The meeting was chaired by Brian Dwyer the Director of the Augustinian Centre for Social Justice and the chair of the CRSC. The special guest presenters included Fr. Emeka Obiezu, former representative of the Augustinians to the United Nations and Rev. Bob Dueweke, the present Augustinian rep to the United Nations.

Fr. Dueweke provided the group with an overview of the role and work of the Augustinians at the UN. He pointed to the constitution of the Augustinian Order declaring that there is a social commitment to “clearly identify and resolve issues such as: defense of life, human rights, the situation of migrants and the dignity of women; to protect justice and peace at the United Nations”.

Following this discussion, the Sustainable Development Goals (SDG) was presented by Fr. Obiezu and Fr. Dueweke. The SDG’s were promulgated by the UN in September 2015. There are 17 goals with specific targets for each goal. Examples of some of these goals are: no poverty, quality education, clean water, decent work, reduced inequalities, climate action, peace and justice and partnerships.

Please read more about the SDG’s here: SDG’s

What followed next was a discussion of the “United Nations Summit Addressing Large Movements of Refugees and Migrants” held in New York on September 19, 2016. Canada was represented by the Prime Minister, some Cabinet members and other officials. Many people from local NGO’s and civil society were also invited. The Canadian Augustinian Centre for Social Justice was invited but was unable to attend. The summit included “round tables” attended by many members of civil society, governments and businesses.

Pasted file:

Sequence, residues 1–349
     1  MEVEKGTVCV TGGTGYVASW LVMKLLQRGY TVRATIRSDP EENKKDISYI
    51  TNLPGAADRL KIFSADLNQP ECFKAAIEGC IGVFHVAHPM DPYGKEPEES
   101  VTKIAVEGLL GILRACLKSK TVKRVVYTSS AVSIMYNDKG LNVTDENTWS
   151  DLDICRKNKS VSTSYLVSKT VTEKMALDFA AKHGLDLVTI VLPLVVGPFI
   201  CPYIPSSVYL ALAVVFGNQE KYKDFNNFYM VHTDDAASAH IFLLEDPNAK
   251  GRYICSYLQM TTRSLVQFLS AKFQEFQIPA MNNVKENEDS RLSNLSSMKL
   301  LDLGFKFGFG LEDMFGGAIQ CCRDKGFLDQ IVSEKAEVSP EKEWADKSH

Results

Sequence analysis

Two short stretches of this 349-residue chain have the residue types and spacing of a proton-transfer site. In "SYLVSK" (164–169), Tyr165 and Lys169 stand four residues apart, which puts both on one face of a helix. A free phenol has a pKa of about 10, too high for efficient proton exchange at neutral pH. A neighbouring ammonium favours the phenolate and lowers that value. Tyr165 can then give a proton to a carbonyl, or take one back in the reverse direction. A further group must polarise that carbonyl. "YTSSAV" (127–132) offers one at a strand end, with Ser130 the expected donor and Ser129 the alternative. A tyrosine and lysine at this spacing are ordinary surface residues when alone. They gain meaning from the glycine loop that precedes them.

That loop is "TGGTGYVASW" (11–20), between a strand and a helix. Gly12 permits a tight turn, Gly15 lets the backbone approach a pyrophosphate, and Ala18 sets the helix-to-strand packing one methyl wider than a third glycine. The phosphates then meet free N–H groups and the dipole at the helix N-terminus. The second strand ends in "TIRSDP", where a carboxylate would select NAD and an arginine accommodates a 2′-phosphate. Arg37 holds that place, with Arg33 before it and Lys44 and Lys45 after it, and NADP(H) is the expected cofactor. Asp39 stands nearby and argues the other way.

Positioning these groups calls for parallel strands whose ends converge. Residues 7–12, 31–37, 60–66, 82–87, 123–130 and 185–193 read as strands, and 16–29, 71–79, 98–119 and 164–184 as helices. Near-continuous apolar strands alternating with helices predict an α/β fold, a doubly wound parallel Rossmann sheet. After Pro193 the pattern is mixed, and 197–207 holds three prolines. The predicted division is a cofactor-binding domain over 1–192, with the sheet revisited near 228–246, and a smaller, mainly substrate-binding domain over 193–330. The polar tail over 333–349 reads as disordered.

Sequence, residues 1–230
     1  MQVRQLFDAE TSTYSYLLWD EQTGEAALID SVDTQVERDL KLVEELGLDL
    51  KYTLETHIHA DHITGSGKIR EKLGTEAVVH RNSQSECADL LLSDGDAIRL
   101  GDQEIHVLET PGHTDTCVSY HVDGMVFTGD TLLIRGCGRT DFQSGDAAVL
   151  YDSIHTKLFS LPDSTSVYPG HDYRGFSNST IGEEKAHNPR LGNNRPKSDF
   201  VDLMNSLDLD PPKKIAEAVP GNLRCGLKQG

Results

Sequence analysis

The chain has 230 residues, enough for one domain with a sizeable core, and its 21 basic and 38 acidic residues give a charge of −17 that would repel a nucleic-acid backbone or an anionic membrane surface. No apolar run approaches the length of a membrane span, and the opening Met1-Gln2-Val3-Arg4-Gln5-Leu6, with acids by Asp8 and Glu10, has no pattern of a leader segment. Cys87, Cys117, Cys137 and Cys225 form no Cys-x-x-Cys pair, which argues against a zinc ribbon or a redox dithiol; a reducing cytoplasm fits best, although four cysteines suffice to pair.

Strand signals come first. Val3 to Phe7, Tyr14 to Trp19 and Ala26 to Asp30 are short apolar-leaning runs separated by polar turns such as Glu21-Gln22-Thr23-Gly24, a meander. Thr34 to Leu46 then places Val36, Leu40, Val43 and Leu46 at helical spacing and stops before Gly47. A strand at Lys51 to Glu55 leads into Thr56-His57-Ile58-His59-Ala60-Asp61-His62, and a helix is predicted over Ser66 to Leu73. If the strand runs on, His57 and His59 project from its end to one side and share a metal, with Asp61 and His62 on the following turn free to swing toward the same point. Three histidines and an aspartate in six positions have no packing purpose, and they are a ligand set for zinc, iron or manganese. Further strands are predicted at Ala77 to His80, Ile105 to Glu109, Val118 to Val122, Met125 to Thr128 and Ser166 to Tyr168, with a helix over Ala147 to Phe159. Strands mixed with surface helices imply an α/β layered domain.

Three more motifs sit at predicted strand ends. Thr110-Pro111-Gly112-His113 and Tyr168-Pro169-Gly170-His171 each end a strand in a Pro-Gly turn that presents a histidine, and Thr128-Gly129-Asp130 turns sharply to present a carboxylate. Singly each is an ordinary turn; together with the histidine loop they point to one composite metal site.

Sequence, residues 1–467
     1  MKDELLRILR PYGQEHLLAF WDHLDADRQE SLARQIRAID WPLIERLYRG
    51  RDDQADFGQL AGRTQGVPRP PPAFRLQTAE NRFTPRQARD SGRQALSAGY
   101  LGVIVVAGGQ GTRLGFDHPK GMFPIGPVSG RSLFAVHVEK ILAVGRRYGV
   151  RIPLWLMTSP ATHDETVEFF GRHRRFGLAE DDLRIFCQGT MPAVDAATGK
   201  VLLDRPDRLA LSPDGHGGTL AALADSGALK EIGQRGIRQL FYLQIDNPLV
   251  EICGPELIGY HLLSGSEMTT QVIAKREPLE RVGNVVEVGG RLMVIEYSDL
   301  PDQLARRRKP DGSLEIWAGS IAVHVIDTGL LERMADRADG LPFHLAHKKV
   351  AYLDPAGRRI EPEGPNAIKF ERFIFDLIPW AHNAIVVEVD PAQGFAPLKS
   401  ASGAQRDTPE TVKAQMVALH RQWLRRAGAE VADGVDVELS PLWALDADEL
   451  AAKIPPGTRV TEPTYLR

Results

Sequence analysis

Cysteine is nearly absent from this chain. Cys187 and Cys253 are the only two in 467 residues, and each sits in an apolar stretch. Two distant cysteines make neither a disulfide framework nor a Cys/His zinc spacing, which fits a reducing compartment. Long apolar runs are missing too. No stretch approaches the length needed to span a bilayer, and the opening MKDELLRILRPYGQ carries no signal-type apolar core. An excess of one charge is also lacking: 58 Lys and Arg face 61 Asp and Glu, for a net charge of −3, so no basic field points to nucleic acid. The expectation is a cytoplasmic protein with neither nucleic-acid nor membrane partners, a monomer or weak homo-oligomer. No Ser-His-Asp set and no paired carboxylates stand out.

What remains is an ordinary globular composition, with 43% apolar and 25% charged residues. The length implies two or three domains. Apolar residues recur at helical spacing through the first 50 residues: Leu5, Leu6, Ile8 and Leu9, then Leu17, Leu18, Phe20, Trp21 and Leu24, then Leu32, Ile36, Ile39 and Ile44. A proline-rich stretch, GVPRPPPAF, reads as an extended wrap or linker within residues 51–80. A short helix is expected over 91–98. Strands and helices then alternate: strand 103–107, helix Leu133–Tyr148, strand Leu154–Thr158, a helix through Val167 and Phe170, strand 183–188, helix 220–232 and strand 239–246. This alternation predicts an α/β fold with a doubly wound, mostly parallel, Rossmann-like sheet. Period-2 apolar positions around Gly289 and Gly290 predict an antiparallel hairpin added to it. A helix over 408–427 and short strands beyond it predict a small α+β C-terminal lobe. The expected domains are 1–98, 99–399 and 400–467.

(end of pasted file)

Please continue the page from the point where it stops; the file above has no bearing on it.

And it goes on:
The result of this summit is “The New York Declaration”. This document was distributed to the participants for discussion. Each country participating at the summit committed to following these declarations. A summary of the declaration is available here: New York Declaration

The declaration includes the following commitments: protection of human rights of migrants and refugees, education of children, protection against violence, recognizing the positive contributions of refugees and migrants, implementing a comprehensive refugee response program and many more.

The summit agreed that there be an international conference on the adoption of a global compact for safe migration in 2018. The CRSC and the Augustinian Centre will follow this process closely.

The next speaker was Rabea Allos from the CRSC. He spoke about the Canadian “Government Assisted Refugees” Program (GAR).  He made the point that settlement of refugees in Canada is handled most efficiently and productively by private sponsors and not the GAR. The CRSC will be advocating to the Government to slowly decrease their GAR program and offer more support to private sponsorships.

At the conclusion of this informative and inspiring workshop, the participants were grateful for the new information and were motivated to help and support the Augustinian Centre and the CRSC. There will be follow-ups from the summit in New York, and from the Marylake Shrine Monastery.

You can see more about this workshop by clicking on “Activities” at the top of this page, along with some pictures.